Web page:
Cash-strapped NHS Tayside was forced to ask for more money from Scottish ministers to make it to the end of this year, The Courier can reveal.
Health board bosses will this week outline plans to get back in the black to MSPs but new evidence has emerged showing the full scale of the crisis.
Bailouts have been required in each of the last four years and the Scottish Government’s submission to Holyrood’s Public Audit Committee shows the near £12 million handed over this year wasn’t enough to make up the shortfall.
It said: “The Scottish Government has provided the committee with an update, which confirms that NHS Tayside will require further brokerage this financial year of £1.5 million, in addition to the £11.7m already previously agreed, to avoid taking actions that would impact delivery of patient care.”
The health board now owes ministers a total of £33.2m.
NHS Tayside has budgeted for needing another £4m of government money next year but its financial plans reveal it is likely to get the begging bowl out again.
Of the £49.8m needed to break even, £45.8m has currently been found but £5m of that has been “identified as high risk” with a further £12m marked as being “medium” risk.
Jenny Marra, the Dundee-based Labour MSP who chairs the committee, said: “The financial recovery plan that NHS Tayside has submitted is still deeply worrying.
“For the financial year that’s about to end in a week’s time, Tayside health chiefs are now telling us that they need another £1.5m.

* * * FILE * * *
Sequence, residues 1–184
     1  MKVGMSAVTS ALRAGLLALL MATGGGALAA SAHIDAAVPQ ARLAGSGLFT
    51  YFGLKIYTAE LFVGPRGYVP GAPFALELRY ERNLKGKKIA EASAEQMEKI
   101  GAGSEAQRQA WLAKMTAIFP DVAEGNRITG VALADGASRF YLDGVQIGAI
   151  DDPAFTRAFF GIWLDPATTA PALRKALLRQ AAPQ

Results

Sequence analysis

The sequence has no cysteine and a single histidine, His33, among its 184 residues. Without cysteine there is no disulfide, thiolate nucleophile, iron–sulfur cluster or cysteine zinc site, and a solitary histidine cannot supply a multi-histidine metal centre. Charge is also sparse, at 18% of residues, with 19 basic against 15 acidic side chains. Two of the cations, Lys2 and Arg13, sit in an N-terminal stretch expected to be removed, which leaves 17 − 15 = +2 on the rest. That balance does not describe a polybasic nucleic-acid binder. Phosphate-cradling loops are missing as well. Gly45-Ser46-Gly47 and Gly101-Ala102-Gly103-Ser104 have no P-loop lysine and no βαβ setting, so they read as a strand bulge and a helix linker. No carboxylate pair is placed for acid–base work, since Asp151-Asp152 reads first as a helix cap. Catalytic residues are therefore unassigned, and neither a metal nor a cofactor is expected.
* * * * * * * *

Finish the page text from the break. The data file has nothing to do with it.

“They know already that they will need additional loans of £4m next year and that £17m of the savings they have to make are ‘risky’.
“They are not even clearer what this means for patients in Tayside.”
An NHS Tayside spokeswoman said: “We have been in regular dialogue with the Scottish Government regarding our 2016/17 forecast outturn and the risks associated with this.
“On the basis of these discussions Tayside NHS Board has been agreed to seek further brokerage of up to £1.5 million.
“It has proved necessary to seek this further brokerage due to pressures on our prescribing budget.”
She added: “The elements of our savings plan in 2017/2018 which are categorised as ‘high risk’ fall into three main areas: the dependence of NHS Tayside on partner organisations to deliver services in communities which will reduce delayed discharges and demand on acute services; the national challenges around the recruitment of medical and nursing staff which would drive up the need for premium cost agency staff; and the ability to deliver the full effect of our prescribing initiatives over a 12 month period.”